In my post “Trust. . .,” I mentioned the special kind of love that God has for children. Evidence of that love is a unique gift God has given them—the ability to love unconditionally.
I’ve been blessed with the opportunity to teach children about God’s love, but there are times that I fail in living out that love. There are times I mess up, and there are times I have to be stern with them. It can’t be fun being the kid who gets called out for goofing off during a lesson.
And even though I’m supposed to teach them, more often they can teach me. I learned a lesson from them on Sunday. My campus pastor’s kids aren’t always the most well behaved in the bunch, but they know something about love. Whether instinctively or thoughtfully, they understand love better than grownups do.
In his first letter to the church in Corinth, Paul wrote that “love. . . keeps no record of wrongs,” and it “always trusts.”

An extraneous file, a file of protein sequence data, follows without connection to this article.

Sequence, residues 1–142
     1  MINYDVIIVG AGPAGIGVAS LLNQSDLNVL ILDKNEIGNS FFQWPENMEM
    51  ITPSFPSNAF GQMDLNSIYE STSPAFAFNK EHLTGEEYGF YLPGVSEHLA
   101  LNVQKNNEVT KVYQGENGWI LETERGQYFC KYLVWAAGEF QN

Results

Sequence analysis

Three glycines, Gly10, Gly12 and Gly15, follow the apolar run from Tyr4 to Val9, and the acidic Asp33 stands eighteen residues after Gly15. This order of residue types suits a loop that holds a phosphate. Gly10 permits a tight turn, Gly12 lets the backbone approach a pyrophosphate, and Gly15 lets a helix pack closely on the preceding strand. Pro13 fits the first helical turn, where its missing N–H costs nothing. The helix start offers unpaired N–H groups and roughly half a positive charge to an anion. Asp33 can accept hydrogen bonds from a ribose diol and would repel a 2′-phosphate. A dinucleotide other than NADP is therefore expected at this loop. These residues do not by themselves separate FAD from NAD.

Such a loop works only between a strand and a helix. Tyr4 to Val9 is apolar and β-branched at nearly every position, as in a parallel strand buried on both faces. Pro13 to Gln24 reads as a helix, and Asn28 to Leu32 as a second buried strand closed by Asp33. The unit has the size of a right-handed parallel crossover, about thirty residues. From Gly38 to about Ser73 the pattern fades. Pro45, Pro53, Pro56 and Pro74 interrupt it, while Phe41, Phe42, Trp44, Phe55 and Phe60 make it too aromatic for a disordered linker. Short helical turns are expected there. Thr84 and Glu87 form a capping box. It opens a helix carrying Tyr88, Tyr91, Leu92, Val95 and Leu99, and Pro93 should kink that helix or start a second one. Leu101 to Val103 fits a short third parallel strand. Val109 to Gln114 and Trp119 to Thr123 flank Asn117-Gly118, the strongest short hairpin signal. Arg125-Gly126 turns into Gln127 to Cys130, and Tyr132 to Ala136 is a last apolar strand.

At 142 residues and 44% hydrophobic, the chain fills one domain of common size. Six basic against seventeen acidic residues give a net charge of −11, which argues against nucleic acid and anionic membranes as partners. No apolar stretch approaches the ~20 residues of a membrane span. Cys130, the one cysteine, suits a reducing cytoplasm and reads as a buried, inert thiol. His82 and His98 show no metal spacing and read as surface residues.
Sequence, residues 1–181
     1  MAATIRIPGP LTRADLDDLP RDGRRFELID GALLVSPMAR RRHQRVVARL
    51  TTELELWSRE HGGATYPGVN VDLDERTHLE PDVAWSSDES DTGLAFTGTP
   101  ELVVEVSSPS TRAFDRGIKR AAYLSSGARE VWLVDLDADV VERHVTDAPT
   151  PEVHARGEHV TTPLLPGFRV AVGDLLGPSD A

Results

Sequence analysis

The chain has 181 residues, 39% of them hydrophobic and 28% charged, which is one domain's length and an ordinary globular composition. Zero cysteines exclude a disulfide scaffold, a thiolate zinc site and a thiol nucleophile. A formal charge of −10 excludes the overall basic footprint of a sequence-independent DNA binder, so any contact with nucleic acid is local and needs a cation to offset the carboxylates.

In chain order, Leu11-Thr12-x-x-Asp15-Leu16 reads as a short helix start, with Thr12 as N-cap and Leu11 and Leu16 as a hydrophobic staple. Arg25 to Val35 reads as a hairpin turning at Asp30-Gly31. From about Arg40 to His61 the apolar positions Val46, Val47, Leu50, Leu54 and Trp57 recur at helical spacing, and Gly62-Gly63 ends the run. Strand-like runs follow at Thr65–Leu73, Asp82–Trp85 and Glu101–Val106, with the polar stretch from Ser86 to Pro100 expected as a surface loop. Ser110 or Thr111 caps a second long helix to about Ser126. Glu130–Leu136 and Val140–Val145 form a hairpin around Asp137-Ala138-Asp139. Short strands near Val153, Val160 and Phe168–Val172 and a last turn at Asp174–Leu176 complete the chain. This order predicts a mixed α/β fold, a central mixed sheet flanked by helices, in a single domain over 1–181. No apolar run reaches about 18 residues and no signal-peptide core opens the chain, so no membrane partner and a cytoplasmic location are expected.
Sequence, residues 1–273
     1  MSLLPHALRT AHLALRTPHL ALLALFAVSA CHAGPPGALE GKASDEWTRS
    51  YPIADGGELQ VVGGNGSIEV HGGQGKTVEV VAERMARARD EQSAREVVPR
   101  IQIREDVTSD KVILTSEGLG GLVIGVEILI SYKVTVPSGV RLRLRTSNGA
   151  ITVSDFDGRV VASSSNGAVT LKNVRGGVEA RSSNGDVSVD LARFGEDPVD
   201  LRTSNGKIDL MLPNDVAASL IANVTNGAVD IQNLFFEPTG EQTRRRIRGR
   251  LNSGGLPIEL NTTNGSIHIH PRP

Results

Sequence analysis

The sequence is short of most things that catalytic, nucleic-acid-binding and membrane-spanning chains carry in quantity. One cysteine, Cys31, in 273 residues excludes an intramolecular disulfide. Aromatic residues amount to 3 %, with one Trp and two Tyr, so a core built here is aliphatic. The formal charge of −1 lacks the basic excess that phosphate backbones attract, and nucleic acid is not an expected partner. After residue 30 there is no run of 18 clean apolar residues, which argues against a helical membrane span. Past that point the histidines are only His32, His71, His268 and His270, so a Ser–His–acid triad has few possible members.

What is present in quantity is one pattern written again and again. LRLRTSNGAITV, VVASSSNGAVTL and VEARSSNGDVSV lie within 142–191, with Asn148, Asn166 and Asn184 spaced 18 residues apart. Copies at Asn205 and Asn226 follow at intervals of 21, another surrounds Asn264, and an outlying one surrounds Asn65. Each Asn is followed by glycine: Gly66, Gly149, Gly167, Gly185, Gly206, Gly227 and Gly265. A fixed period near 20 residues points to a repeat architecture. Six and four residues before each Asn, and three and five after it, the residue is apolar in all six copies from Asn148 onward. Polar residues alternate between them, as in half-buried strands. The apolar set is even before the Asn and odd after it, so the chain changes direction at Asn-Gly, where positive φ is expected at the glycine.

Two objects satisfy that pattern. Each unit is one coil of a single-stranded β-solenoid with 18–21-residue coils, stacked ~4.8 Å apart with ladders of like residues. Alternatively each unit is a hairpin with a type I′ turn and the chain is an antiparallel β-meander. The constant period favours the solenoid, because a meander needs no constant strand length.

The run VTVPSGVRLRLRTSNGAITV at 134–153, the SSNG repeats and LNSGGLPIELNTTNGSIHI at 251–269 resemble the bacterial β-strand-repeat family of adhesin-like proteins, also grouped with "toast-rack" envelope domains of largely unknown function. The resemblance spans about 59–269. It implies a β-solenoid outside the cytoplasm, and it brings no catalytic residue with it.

Mike’s kids tore after me on Sunday after lunch. “Nate!” they yelled, as they wrapped their arms around my waist. “Where are you going?”
“I’ve gotta go back to Morristown now,” I said.
“Do you have to?” they asked.
They didn’t remember the times I got fed up with their antics and took away their snack time. They’d forgotten the moments I put them on the spot for speaking out of turn. They kept no record of the incidents I brushed them off to take care of some administrative work that could have waited till much later on.
“Love keeps no record of wrongs.”
And they trusted that, even in my less-than-happy moods, I still had their best interests in mind.
“Love always trusts.”
It’s how God loves. Kids can teach us something about that in a very powerful, unique way. Do you want to learn?